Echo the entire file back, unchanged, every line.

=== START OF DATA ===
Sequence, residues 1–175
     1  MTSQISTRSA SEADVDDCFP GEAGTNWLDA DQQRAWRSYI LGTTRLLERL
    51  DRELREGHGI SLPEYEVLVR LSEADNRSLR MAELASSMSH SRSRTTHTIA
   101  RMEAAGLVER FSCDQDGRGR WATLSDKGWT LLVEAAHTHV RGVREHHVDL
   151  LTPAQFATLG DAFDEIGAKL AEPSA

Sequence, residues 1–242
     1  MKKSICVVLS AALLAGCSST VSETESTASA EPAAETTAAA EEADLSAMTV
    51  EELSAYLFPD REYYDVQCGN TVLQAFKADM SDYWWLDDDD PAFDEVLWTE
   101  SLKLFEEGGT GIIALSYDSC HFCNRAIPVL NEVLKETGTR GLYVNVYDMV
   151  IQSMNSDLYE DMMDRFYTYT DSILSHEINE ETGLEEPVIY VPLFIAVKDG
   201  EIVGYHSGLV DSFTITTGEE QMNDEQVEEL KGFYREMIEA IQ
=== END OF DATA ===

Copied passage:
Sequence, residues 1–175
     1  MTSQISTRSA SEADVDDCFP GEAGTNWLDA DQQRAWRSYI LGTTRLLERL
    51  DRELREGHGI SLPEYEVLVR LSEADNRSLR MAELASSMSH SRSRTTHTIA
   101  RMEAAGLVER FSCDQDGRGR WATLSDKGWT LLVEAAHTHV RGVREHHVDL
   151  LTPAQFATLG DAFDEIGAKL AEPSA

Sequence, residues 1–242
     1  MKKSICVVLS AALLAGCSST VSETESTASA EPAAETTAAA EEADLSAMTV
    51  EELSAYLFPD REYYDVQCGN TVLQAFKADM SDYWWLDDDD PAFDEVLWTE
   101  SLKLFEEGGT GIIALSYDSC HFCNRAIPVL NEVLKETGTR GLYVNVYDMV
   151  IQSMNSDLYE DMMDRFYTYT DSILSHEINE ETGLEEPVIY VPLFIAVKDG
   201  EIVGYHSGLV DSFTITTGEE QMNDEQVEEL KGFYREMIEA IQ